Pie chart showing where Costa Rica exports pineapples: 53% North America, 44% European Union, 2% rest of Europe, 1% others.

Costa Rica’s economy largely depends on ecotourism and agriculture.   Extensive monoculture, incentivized by agricultural export models and free trade agreements, have caused negative impacts—from which the pineapple case is the most severe. Some of the concerns “include soil erosion, pesticide contamination of natural areas and water supplies, lowering of water tables, worker exposure to agrochemicals, and impacts of organic wastes, among others.” But pineapples are the second most exported good from Costa Rica, after bananas and recently surpassing coffee exports. Just last year, in 2015, Costa Rica exported 1,858,899 tons of fresh pineapple. Being such an important product for the country’s economy, it is not beneficial to fight against the production of pineapple. As Walter Mora explains in a news interview, the people living in communities near pineapple production are asking for a moratorium on intensive pineapple monoculture plantations, which he explains does not mean they are against the production of pineapple, they are against the way in which pineapple is being produced in Costa Rica.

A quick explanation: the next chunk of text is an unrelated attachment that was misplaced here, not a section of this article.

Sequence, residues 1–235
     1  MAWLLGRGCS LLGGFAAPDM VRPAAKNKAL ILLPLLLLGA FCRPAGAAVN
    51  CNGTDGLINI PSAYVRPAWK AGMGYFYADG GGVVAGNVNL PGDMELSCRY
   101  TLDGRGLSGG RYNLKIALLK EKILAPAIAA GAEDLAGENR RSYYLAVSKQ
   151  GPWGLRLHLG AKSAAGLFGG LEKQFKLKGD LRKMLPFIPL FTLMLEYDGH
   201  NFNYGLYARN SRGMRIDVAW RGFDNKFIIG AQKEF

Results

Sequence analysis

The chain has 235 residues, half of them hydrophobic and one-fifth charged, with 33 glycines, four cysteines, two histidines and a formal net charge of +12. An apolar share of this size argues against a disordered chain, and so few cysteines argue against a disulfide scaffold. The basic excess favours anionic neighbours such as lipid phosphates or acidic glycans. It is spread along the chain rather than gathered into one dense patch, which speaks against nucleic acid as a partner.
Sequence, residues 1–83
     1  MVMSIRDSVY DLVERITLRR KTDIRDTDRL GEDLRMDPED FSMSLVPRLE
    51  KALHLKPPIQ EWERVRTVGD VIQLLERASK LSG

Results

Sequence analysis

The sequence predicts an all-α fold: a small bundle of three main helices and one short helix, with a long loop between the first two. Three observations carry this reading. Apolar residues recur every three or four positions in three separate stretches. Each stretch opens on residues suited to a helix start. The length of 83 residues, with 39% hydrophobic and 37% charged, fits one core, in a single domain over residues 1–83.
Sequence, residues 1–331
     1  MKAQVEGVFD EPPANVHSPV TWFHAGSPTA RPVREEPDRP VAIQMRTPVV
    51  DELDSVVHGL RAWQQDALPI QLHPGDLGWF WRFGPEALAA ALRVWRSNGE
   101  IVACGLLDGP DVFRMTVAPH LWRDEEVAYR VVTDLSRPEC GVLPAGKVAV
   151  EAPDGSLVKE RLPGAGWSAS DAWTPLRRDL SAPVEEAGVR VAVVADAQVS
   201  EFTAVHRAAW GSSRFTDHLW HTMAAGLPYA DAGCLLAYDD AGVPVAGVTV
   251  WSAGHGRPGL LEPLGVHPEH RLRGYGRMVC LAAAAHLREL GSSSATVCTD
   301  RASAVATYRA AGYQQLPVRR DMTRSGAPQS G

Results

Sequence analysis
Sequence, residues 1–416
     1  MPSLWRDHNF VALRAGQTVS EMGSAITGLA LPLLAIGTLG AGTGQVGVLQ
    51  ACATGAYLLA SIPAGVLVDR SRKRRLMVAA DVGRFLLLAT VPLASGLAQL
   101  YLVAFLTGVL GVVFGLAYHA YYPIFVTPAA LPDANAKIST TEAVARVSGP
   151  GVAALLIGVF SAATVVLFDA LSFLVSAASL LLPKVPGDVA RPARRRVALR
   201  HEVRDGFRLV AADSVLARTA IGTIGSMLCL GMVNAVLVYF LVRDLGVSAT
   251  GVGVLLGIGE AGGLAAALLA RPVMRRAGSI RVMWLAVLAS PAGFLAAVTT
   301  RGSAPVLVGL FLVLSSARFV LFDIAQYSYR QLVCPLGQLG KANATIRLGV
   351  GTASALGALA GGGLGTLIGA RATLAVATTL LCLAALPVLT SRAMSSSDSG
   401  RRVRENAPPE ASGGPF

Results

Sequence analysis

Pineapple production generate many environmental and health problems, mostly induced by the high use of pesticides. Fernando Ramirez, an agrochemical expert at the University of Costa Rica explains that when the pineapple is ripe, they proceed to apply a high quantity of pesticide—pineapples use about 10 to 15 times more pesticide than other crops. Costa Rica has banned many pesticides because they have been found to cause cancer, disrupt hormone systems, and are acutely toxic. But the ban of these pesticides does not mean that they are not used. It has been documented that pineapple industries are using illegal pesticides.